HFL claims that up to one in four supplements purchased at a regular retail shop may be contaminated with trace levels of steroids and/or stimulants like testosterone and methylhexanamine (commonly known as DMMA) as a direct result of inadvertent contamination.

The company launched two programmes called Informed-Choice and Informed-Sport, which ensure supplement certification, in 2007 and 2008 respectively.

Through all its programmes, regular tests of supplements on the South African market will be conducted to help authorities spot prohibited substances. These tests are also done during manufacturing, to avoid the release of prohibited substances.

“The programmes allow companies to use a logo on packaging to enable athletes to easily spot those products that have been tested for banned substances,” said Dr Catherine Judkins, business sector manager at HFL, adding that such products will have met rigorous certification requirements by HFL’s anti-doping lab.

The doping scandals of 2012

2012 saw one of the biggest doping scandals in the history of world sport, when cycling veteran and seven-time winner of the prestigious Tour de France (TDF), Lance Armstrong, the US Anti-Doping Agency found that there was enough evidence to conclude that Armstrong had participated in a doping programme during his career.

For years Armstrong denied allegations of doping, and continued to enjoy the support of charities and major brands associated with him, until the very recent conclusion of the agency on its findings. In addition to the loss of endorsements and sponsorship, the 41-year-old was also stripped of all his TDF titles and banned from the tournament for life.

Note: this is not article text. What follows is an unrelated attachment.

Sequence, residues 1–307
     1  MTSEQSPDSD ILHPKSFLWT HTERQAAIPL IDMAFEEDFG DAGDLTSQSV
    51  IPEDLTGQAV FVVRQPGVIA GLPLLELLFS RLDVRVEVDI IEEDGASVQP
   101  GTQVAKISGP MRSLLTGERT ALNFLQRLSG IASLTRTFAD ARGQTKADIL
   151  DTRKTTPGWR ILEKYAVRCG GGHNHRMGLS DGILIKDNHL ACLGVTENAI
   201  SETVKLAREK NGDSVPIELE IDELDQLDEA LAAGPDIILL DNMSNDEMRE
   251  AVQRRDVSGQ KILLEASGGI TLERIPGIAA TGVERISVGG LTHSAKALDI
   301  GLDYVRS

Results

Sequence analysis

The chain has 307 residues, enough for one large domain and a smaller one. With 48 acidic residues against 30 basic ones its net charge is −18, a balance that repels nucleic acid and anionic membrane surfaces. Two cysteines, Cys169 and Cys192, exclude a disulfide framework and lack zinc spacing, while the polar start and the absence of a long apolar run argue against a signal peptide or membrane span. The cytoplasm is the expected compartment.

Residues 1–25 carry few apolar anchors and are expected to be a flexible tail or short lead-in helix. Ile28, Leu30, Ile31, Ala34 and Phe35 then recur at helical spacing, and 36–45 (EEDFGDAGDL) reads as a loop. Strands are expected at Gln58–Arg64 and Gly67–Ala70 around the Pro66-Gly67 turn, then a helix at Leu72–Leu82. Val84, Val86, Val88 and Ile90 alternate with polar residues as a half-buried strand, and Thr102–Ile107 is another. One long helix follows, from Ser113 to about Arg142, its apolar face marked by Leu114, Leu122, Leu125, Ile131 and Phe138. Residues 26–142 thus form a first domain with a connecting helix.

Closer to home, David George, former South African Commonwealth Games cycling silver medallist, tested positive in August for the drug Erythropoietin, or EPO, in an out-of-competition test conducted by SAIDS South African Institute for Drug-Free Sport. George was a member of Armstrong’s US Postal Service team from 1999 to the year 2000.

He also lost one of his major sponsors, banking institution Nedbank, which withdrew its support within hours of the news hitting social media networks across the country.

Furthermore, George was provisionally suspended by Cycling South Africa, and would not be able to compete in any of its events, pending the outcome of an independent tribunal on the matter.

The South African road running scene has not gone untainted, as two of the top ten finishers in this’s year Comrades Marathon tested positive for prohibited substances.

Soon after the finish of iconic marathon, winner Ludwick Mamabolo made headlines when both his A and B samples, as per Wada code requirements, tested positive for DMMA. The test was conducted by Saids.

Lephetesang Adoro from Lesotho, who came seventh in the event, was also later reported to have tested positive for a high concentration of testosterone. Both runners will know their fate at the end of independent tribunals on their cases.

Athletes against doping

Several of South Africa’s most popular sports stars have pledged their support for Saids, and are the organisation’s official anti-doping ambassadors.

Rugby stars Victor Matfield, Bryan Habana and Pierre Spies are three such ambassadors, while Olympic swimmer and Paralympic medallist Natalie du Toit also does her bit for the cause.

Mbalula, who himself is a cycling enthusiast, has also made the pledge.